Conference Roundup: Major-Gift Fundraising for Anyone
Major-gifts fundraising is as much a mind-set as it is a set of strategies and techniques, says Marshall Ginn, principal and founder of Viriginia-based consultancy Capital Development Strategies. As such, it’s an attainable goal for nonprofits of all sizes.
“Many steps require little to no financial cost — just an investment of time,” Ginn said during the session “Holistic Approach to Major Gifts” at the 2008 Bridge Conference held last week in Washington, D.C.
When it comes to major-gifts fundraising, it’s important to remember that everyone in the organization should play a role, and that you don’t need to have a major-gifts officer to make it happen.
But fundraisers do need to stop approaching major giving like it’s just about getting donors to upgrade.
“Major gifts encompasses more than just the solicitations,” Ginn said. “It’s a way of interacting with your best donors and those you’d like to be your best donors.”
And it’s a way to bring donors “along a path that leads to lifelong giving” to your organization.
Though any organization can have a major-gifts program, there are some realities to be considered, Ginn said, adding, “Major gifts don’t happen by [themselves. They take] scheduling and discipline.”
An organization’s major-gifts schedule should look something like this, he explained: 18 to 24 months from first contact to gift; seven to eight contacts per donor; and one major gift for every three to four prospects. Small steps are key to getting a major-gifts program started, Ginn said, suggesting that organizations:
* get new donors thinking about larger gifts by sending out welcome packets that include client stories, “ways to give” sheets, a business card, a recent newsletter, and a small token like a bookmark, photo or postcard;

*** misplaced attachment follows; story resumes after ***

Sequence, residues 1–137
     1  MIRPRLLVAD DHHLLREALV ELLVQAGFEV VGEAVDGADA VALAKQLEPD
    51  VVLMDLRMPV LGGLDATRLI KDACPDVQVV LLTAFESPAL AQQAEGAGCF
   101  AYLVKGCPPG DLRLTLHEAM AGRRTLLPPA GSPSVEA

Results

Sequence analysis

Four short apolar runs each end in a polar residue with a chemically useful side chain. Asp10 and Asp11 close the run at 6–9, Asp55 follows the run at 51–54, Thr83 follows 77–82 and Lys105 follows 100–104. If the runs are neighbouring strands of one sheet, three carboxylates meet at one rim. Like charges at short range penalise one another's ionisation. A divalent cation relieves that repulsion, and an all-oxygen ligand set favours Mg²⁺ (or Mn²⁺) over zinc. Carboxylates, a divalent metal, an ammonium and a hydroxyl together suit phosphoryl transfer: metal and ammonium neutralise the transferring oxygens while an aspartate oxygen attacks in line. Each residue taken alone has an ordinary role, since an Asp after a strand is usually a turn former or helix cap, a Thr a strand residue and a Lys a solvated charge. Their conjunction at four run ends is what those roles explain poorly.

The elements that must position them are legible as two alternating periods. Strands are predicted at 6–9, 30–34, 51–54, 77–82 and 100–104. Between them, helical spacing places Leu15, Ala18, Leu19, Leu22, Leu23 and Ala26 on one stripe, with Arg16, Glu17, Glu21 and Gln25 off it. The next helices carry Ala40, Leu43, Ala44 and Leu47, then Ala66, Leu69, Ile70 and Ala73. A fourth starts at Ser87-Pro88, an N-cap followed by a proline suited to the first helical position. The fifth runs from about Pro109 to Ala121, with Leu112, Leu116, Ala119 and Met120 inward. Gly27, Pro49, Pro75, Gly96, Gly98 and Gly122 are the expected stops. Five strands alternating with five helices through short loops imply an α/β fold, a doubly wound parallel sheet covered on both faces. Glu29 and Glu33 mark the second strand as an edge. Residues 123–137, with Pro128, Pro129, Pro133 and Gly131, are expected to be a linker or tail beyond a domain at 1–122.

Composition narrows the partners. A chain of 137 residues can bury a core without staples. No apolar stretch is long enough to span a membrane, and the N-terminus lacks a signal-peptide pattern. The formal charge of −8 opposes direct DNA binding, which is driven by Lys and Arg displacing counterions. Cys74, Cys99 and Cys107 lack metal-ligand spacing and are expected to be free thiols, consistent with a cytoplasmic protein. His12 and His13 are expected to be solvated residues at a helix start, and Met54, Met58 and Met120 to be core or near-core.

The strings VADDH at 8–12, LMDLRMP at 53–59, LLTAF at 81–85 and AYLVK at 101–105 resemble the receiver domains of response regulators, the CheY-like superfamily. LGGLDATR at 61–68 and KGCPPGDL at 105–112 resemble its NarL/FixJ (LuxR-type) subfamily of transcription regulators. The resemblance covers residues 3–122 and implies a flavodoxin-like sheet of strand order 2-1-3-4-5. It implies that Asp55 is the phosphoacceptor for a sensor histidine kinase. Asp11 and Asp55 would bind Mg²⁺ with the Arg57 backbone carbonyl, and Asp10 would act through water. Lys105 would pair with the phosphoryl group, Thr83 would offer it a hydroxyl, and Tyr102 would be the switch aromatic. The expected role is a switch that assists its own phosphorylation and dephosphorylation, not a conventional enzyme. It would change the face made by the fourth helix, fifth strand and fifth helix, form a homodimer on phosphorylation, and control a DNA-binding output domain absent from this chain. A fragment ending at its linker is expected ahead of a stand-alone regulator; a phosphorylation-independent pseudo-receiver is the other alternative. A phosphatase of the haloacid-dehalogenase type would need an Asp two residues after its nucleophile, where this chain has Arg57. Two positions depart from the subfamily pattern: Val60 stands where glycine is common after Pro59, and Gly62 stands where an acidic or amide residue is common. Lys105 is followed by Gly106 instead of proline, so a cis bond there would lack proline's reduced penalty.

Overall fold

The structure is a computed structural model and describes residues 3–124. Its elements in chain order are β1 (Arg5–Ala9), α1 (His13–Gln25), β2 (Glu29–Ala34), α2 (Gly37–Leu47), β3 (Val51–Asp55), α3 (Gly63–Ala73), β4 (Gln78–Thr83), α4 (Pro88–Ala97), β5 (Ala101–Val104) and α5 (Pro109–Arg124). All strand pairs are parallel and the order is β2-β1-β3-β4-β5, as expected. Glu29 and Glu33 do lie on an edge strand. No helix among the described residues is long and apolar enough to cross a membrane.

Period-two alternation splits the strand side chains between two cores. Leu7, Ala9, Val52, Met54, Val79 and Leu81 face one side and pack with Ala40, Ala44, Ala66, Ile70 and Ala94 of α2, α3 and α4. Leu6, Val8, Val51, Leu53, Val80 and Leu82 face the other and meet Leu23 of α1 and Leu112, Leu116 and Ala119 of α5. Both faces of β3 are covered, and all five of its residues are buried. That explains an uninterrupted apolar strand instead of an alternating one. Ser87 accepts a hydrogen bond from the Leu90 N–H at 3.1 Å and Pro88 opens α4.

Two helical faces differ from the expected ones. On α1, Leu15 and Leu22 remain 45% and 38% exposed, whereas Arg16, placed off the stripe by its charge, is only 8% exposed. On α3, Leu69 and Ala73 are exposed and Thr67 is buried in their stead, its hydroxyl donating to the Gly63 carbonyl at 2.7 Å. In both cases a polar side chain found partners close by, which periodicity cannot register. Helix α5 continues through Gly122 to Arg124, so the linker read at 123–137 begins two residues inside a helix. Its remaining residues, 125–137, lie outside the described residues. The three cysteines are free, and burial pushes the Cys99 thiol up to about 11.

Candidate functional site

* designate someone to thank major donors by phone the day their checks arrive; and
* send thank-you letters within a week.
Ginn also urges organizations to host at least one major-donor event each year. And the donors should know that the celebration is specifically for them.
“Let them know it’s not an ask but a thank-you party,” he said, also advising organizations to never underestimate the power of the personal touch and to connect with major donors by sending them copies of interesting publications with a personal note.
“Remember, your organization is building a relationship with these folks,” he said.
One of the most important strategies, however, is to make every organization staff member a part of the effort. Development staff should invite non-development colleagues to major-gift solicitations, for example.
“Share the fun and responsibility,” Ginn said. “Have brown-bag lunches so development can teach (other staff members) about fundraising. Make sure you coach your colleagues before a visit or a call.”
Fundraisers also should circulate a list of their top donors with senior staff members and the receptionist, Ginn said, explaining, “The names of your highest donors should be familiar to your whole team. Imagine the impact if your donors got thanked by more than one person.”
He said every employee on staff should be able to do three things:
1. relay two or three facts about your organization;
2. relay two or three meaningful stories; and
3. link funding to what they do.
To make major-gifts strategies work, Ginn said, organizations must align staff through training and creating a culture where major-gifts development is important, as well as align budget priorities and fundraising goals to include major gifts.
“Major gifts are what you define them to be, and they can be a part of every successful fundraising program,” Ginn said.
Finally, he offered these quick dos and don’ts for closing a major-gift solicitation.
* summarize the conversation highlights and points of agreement;
* assume the commitment and then convince the prospect that he/she is making the right decision;
* time your close so that it is natural;
* tailor each close to a specific opportunity;
* close at the prospect’s pace, but avoid getting caught up by any potential stalling tactics;
* seek areas of agreement to launch the close;
* underscore emotions, as they are very important; and
* leave on an optimistic note.
* give up;
* argue with the prospect;
* be apologetic about your request;
* make promises you can’t keep; or
* knock other organizations or campaigns.